Jim

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[quote name='skiingfiddler' date='May 30 2010, 12:10 PM' post='469124'

So it would seem that the observation that Montagnana used a Stainer model might be applicable to some of Montagnana's instruments, but not all.

Correct, as did Peter of Venice, Seraphin, and Tononi.

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Ive heard of the 50/50 rule, and most of the posters I have come close. But the one thing I've seen about the Stradivarius models and most del Gesu models is that the back is shorter than the belly. Only the Bergonzi differs, they are both the same. Which models have a taller back?

Ken

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Correct, as did Peter of Venice, Seraphin, and Tononi.

The common connection, of course, being Venice. Goffriller, also, made Stainer models, and there are suggestions that the name Goffriller is a German one. The biggest part of the music business, in Venice, dwarfing violins, was lutes, and the lute makers were German. The Tieffenbrucker (Bavarian) firm in Venice was simply huge. It's not surprising that the violin makers around them, some of them German, were making a German model.

Another place the Stainer makes an appearance is the very international city, Rome, around a German-named maker, Tecchler, and another, Platner. The third spot for a lot of Stainer copies to show up is Florence, with the Carcassis, for whatever reason.

The city that never did have a Germain Stainer model is Cremona, where all of the makers, not just the prominent ones, either, were Italian, not German. I don't think one should forget to consider, then, that a lot of the spread has perhaps not so much with the demand for German violins as much as the fact that is some locations all the suppliers were German, and that's what they made--German violins--so that's what you bought if you wanted a violin.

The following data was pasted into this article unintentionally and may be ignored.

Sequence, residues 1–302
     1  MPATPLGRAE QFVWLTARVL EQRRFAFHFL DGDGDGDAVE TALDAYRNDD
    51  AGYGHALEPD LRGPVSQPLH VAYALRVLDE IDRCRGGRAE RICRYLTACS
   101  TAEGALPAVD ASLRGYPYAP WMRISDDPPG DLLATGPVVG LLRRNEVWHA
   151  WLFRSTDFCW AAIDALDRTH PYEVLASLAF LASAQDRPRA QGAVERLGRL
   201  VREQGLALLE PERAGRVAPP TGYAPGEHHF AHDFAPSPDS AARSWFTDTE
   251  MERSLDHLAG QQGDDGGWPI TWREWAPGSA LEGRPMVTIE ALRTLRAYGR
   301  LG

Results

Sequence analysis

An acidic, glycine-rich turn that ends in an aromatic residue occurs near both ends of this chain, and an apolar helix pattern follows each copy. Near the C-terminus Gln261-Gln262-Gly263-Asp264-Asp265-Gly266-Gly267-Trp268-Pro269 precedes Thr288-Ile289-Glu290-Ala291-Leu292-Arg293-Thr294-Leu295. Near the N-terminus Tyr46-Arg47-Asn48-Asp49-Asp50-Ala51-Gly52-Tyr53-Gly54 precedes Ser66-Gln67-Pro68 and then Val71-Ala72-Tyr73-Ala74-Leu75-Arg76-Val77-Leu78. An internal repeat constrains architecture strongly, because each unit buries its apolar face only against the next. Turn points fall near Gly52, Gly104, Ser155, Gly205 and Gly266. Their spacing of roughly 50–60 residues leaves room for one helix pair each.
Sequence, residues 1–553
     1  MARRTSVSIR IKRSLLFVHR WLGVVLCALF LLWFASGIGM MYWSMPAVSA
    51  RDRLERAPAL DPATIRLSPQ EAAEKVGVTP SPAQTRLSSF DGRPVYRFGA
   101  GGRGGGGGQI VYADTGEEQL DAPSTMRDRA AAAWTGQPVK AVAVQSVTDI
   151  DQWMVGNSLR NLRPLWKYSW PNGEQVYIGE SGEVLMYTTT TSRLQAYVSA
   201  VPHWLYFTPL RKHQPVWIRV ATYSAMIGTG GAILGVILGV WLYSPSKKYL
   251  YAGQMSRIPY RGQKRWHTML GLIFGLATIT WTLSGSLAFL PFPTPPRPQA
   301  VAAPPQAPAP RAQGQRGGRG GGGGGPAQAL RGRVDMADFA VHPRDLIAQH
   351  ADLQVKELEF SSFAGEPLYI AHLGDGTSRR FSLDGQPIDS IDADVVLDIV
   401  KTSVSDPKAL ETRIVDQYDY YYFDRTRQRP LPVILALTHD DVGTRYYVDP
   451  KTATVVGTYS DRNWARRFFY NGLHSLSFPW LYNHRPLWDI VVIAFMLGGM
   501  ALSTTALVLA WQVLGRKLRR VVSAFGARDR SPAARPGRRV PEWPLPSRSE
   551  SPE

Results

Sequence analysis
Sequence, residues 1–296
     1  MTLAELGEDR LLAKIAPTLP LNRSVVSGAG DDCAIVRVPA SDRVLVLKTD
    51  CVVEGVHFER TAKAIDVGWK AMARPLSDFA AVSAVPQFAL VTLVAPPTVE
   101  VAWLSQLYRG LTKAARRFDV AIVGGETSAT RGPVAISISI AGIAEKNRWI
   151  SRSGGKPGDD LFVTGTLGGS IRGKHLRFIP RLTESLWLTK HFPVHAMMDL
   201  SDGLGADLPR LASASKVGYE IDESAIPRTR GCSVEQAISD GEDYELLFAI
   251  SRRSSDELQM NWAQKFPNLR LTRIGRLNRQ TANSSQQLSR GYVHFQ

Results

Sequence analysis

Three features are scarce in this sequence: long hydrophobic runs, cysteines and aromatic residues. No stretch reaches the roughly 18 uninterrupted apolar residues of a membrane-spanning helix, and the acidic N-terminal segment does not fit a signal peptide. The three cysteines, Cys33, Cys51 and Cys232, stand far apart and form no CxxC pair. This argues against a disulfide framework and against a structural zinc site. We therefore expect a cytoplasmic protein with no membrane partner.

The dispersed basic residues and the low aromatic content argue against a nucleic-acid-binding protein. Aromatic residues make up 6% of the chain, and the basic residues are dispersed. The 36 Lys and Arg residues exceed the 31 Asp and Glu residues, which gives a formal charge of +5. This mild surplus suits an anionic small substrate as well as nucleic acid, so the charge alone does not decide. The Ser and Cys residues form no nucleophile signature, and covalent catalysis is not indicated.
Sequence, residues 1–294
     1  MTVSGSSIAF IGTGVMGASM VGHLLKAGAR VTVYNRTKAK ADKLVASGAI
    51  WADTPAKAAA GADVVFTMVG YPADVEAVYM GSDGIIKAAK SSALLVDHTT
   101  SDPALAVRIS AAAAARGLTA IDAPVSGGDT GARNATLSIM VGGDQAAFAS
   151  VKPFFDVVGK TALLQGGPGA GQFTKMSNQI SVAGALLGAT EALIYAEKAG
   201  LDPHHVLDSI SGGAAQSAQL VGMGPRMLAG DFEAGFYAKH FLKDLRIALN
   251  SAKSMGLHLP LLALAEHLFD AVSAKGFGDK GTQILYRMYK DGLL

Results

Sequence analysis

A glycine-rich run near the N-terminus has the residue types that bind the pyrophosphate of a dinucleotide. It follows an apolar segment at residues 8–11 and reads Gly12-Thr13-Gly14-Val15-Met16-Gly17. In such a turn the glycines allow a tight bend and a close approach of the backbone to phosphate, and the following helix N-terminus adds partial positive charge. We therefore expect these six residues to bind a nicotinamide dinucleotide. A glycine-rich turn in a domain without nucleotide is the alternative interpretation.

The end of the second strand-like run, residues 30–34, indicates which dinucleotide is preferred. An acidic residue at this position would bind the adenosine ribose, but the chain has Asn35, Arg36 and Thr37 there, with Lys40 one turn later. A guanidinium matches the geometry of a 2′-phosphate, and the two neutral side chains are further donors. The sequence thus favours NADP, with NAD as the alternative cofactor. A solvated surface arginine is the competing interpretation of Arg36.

Just for one comparison, compare that some of the Cremonese makers whose names are very familiar to us never made many violins at all, and did it in small shops by their own hand, with the fact that the death tax inventory of one lute maker in Venice lists over a thousand unsold lutes! It makes the native Italian violin production look very small, indeed. I read an interesting article in Harpers this month about the watch business: because of the huge numbers, effective marketing, and distribution of Rolex, that's the watch every half-informed buyer wants, ignoring that really it's at the bottom, not the top, of the high-price watch market. Perhaps the Cremonese faced the same uphill battle against the omnipresent German violin. We still see the same type of fanboy thing with violins today, where people recommend makers whose instruments I am sure they have never seen or heard because of effective publicity, not honest evaluation.

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Consider also J.B. Guadagnini, in his Piacenza period (the first period)

Amazing difference in the F holes with only ~3 years separation between the 2 examples.

Did he continue to flute the F holes at later times?

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the fact that is some locations all the suppliers were German, and that's what they made--German violins.

Did they use inside moulds like the Cremonese? And would their making process be similar?

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Consider also J.B. Guadagnini, in his Piacenza period (the first period) was making some instruments with higher arching, compact corners and which I have also understood to be his "Stainer model". The other instruments of the period, especially as you appraoch the time of his move to Milan become broader in model and flatter in the arching.

See below:

post-29446-1275241648.jpg post-29446-1275241666.jpg

Bruce

To me the earlier one seems more like Amati influence than Stainer, especially when you have one in your hands.